• What categories in the contradiction rows and columns are applicable?
  • At the intersection of the conflicting requirements, which inventive principles are applicable?

For a complete listing of the TRIZ contradiction matrix, take a look at http://www.triz40.com/aff_Matrix.htm (the matrix is too big to appear in full here). In our example, we’ll opt for Parameter 4 along the top (length of stationary object) and Parameter 25 along the right (loss of time). Parameter 25 is very closely aligned with our situation, but Parameter 4 is just a bit of a stretch (it’s the closest one related to size, so that’s why we selected it).

If we read down the Parameter 4 column until it intersects with the Parameter 25 row (see Figure 5, excerpted from the contradiction matrix), we see four inventive principles (merging, curvature increase, intermediary, and flexible shells and thin film).

Worsening Feature
4. Length of Stationary Object
Improving Feature25. Loss of Time

30 24

14 5


Figure 5. Contradiction Matrix Excerpt. The contradiction matrix suggests examining four inventive principles for the wrench problem.

 

Not all of the inventive principles listed in the intersection will offer solutions, and there is some art in applying the contradiction matrix. Experience in using the technique helps, and the best way to gain this experience is to start using the approach. (The Eogogics Unleashing Engineering Creativity Workshop can help you accelerate your learning curve for TRIZ as well as many other powerful creativity enhancement techniques.) In this application, it is difficult to envision how using a curvature increase, an intermediary component or subassembly, or flexible shells and a thin film solve the problem. But what about Inventive Principle 5, or merging? Might that offer a potential solution?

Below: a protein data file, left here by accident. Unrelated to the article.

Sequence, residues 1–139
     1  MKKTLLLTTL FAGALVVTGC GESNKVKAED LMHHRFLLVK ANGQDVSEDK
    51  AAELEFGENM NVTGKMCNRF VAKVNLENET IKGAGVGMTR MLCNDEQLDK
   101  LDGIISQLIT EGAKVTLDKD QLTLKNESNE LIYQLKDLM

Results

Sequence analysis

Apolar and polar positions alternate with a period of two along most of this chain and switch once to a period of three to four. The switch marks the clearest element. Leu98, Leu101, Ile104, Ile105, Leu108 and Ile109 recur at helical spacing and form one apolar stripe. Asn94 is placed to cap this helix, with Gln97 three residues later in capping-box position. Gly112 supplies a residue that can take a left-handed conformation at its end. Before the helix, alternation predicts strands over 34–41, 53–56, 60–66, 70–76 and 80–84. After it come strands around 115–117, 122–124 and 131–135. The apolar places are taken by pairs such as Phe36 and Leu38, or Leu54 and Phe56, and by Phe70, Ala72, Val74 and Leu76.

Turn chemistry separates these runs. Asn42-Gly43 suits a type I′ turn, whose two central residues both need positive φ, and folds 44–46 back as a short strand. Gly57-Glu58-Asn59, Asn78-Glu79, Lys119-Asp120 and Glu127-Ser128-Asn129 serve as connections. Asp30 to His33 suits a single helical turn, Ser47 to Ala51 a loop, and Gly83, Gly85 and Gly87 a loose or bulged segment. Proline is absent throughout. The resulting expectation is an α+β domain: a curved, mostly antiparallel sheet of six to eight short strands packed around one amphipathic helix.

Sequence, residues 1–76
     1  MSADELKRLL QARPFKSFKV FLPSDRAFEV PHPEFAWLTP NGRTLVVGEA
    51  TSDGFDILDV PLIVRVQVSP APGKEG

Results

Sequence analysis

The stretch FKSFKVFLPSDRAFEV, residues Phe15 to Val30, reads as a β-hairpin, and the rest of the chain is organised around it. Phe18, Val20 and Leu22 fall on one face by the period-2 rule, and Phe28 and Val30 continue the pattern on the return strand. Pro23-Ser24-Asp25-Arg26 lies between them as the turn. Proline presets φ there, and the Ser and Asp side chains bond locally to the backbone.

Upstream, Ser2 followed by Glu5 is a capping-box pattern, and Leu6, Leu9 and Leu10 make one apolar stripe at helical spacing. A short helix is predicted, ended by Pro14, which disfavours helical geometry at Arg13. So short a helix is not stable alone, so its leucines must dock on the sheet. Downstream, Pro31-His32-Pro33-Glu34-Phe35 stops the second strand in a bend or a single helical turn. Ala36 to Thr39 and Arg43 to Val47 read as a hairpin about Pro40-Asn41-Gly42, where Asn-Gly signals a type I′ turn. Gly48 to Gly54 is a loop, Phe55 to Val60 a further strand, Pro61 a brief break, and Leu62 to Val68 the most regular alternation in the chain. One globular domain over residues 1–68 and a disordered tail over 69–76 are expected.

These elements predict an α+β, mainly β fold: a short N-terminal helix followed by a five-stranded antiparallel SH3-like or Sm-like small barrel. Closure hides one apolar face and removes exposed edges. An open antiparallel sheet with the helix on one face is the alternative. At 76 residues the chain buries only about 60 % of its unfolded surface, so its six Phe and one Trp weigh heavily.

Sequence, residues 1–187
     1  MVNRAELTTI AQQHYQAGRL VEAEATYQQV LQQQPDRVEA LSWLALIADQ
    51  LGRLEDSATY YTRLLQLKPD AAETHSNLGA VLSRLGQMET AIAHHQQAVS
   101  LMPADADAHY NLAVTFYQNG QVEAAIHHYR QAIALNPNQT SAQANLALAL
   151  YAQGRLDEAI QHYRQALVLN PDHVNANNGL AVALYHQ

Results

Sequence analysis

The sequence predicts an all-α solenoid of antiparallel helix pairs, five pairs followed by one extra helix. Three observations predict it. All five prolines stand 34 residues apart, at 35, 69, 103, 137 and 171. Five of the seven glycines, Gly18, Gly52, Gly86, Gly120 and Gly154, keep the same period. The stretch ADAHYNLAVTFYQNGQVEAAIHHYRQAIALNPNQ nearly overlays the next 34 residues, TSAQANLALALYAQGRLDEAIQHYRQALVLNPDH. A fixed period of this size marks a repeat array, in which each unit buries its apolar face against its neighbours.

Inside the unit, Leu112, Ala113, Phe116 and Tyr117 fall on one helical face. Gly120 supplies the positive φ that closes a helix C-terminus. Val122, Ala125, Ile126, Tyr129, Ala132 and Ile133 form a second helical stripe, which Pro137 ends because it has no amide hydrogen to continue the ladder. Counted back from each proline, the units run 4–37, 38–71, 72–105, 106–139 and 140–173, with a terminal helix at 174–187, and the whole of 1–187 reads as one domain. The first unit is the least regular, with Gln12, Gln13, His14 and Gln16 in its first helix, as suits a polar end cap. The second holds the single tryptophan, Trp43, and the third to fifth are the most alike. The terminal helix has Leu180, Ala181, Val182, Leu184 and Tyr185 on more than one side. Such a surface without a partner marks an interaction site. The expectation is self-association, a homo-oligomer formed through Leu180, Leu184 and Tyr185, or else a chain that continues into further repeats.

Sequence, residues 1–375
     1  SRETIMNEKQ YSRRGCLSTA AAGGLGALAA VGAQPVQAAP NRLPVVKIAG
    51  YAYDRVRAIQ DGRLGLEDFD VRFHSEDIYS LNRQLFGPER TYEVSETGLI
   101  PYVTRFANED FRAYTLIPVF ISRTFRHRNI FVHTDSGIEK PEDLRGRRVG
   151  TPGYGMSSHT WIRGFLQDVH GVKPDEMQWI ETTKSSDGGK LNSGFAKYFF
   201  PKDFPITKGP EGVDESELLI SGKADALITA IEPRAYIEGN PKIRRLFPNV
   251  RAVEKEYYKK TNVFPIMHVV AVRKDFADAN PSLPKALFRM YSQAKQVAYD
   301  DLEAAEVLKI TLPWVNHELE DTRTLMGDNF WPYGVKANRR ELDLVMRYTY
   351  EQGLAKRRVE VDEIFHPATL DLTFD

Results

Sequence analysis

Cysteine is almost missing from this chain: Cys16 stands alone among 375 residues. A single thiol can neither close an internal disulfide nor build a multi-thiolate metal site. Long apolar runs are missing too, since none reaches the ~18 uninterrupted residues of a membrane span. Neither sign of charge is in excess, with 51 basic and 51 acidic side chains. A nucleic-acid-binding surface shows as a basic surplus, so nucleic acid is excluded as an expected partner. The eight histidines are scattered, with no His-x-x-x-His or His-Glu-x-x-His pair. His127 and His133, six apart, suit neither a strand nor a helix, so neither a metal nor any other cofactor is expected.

Figure 6. Box End, Ratchet, and Ratcheting Box End Wrenches. The ratcheting box end wrench is the result of applying Inventive Principle 5, or merging.

 

If we ponder this for a bit, merging does indeed offer a potential solution. If we merge the concepts inherent in a standard wrench and a ratchet and socket, we have the ratcheting box end wrench (see Figure 6). The application works well, as Figure 7 shows.